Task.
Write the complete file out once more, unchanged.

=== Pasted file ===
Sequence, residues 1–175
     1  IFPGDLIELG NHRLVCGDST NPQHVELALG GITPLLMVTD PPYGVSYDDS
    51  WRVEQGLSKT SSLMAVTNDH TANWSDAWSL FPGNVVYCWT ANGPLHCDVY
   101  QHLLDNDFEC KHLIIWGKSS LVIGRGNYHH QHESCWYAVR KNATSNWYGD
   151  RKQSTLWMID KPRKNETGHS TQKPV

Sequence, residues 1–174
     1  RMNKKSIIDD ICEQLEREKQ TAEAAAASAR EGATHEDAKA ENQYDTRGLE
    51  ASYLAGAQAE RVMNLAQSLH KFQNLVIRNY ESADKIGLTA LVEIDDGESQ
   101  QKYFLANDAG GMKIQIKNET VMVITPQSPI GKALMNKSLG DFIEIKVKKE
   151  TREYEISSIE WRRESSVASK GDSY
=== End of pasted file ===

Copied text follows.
Sequence, residues 1–175
     1  IFPGDLIELG NHRLVCGDST NPQHVELALG GITPLLMVTD PPYGVSYDDS
    51  WRVEQGLSKT SSLMAVTNDH TANWSDAWSL FPGNVVYCWT ANGPLHCDVY
   101  QHLLDNDFEC KHLIIWGKSS LVIGRGNYHH QHESCWYAVR KNATSNWYGD
   151  RKQSTLWMID KPRKNETGHS TQKPV

Sequence, residues 1–174
     1  RMNKKSIIDD ICEQLEREKQ TAEAAAASAR EGATHEDAKA ENQYDTRGLE
    51  ASYLAGAQAE RVMNLAQSLH KFQNLVIRNY ESADKIGLTA LVEIDDGESQ
   101  QKYFLANDAG GMKIQIKNET VMVITPQSPI GKALMNKSLG DFIEIKVKKE
   151  TREYEISSIE WRRESSVASK GDSY